Line of Duty
|Line of Duty|
|Created by||Jed Mercurio|
|Written by||Jed Mercurio|
|Theme music composer||Carly Paradis|
|Ending theme||"Line Of Duty End Theme"|
|Country of origin||United Kingdom|
|No. of series||2|
|No. of episodes||11|
|Executive producer(s)||Stephen Wright (BBC)
Simon Heath (World Productions)
Jed Mercurio (Series 2)
|Producer(s)||Jed Mercurio (Series 1)
Peter Norris (Series 2)
|Location(s)||Birmingham (Series 1)
Belfast (Series 2)
|Running time||60 minutes|
|Production company(s)||World Productions|
|Original channel||BBC Two|
|Audio format||Dolby Digital|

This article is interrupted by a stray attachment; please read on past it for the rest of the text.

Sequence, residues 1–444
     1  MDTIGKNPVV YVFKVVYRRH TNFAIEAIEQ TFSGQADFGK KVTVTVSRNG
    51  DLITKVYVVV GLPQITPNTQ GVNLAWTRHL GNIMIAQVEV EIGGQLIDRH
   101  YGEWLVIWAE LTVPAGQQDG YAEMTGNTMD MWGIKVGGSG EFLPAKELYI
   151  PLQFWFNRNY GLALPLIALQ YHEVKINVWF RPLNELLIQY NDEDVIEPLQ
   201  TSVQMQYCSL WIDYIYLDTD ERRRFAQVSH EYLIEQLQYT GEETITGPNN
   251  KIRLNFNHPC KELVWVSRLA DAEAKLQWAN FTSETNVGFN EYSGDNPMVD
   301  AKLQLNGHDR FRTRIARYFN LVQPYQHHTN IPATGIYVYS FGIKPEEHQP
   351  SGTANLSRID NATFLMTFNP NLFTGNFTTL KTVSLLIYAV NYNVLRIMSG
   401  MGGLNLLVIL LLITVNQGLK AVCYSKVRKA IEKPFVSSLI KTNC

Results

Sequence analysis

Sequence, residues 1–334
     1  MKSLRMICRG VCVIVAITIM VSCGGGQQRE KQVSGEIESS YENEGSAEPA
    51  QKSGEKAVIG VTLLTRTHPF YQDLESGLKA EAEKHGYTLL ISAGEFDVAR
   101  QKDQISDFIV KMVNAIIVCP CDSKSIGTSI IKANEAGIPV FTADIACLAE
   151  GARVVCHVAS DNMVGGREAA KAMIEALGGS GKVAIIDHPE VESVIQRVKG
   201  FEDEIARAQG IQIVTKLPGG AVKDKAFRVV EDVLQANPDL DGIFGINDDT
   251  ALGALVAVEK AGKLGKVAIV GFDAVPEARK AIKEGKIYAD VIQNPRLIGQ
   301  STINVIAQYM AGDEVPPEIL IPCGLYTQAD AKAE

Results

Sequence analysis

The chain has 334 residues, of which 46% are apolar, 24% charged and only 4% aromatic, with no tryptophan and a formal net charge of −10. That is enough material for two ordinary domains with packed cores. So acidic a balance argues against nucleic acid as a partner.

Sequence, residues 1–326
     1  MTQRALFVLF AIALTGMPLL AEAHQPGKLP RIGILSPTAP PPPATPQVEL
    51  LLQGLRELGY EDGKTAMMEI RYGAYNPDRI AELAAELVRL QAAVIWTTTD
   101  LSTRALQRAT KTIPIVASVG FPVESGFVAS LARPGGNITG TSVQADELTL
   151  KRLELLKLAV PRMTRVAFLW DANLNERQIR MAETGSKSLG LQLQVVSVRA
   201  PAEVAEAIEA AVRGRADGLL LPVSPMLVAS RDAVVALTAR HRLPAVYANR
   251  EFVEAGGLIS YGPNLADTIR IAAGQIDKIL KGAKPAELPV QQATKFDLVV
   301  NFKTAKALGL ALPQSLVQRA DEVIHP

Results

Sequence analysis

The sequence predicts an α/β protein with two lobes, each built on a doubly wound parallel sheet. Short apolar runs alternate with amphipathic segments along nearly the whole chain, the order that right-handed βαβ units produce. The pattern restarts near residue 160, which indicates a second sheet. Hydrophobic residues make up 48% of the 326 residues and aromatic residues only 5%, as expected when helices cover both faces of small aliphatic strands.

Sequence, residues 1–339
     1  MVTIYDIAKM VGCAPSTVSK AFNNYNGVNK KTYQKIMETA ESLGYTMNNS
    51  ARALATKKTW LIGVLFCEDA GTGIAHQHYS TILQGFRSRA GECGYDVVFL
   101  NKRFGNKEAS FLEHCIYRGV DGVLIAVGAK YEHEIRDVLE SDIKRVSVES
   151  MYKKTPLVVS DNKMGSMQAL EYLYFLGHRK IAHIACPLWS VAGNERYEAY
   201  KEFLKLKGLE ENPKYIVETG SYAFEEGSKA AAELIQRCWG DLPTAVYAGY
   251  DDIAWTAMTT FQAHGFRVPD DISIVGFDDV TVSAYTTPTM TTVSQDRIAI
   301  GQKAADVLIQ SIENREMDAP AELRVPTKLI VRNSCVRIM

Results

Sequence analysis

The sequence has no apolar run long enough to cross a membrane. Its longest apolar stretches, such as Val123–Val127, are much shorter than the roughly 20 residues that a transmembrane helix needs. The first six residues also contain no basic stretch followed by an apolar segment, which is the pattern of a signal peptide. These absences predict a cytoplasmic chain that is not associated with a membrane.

|Original run||26 June 2012– present|
|BBC Two website|
Line of Duty is a British police drama, created by Jed Mercurio, which aired on BBC Two 26 June 2012. The first series was BBC Two's best-performing drama series in 10 years, with a consolidated audience of 4.1 million viewers. The drama was recommissioned for a second series, and the first episode was broadcast on 12 February 2014. The second series achieved widespread public and critical acclaim, and, on 8 April 2014, the BBC commissioned two further series. In April 2014, Line of Duty was included in a list of the Top 50 BBC Two shows of all-time.
|Character||Portrayed By||Character||Portrayed By|
|DCI Tony Gates||Lennie James||Jackie Laverty||Gina McKee|
|DS Steve Arnott||Martin Compston||Tommy||Brian McCardie|
|DC Kate Fleming||Vicky McClure||Jools Gates||Kate Ashfield|
|DC Nigel Morton||Neil Morrissey||Alf Butterfield||Brian Miller|
|PSupt Ted Hastings||Adrian Dunbar||Chloe Gates||Saffron Davies|
|DS Matthew 'Dot' Cottan||Craig Parkinson||Natalie Gates||Jordyn-Eve Davis Greene|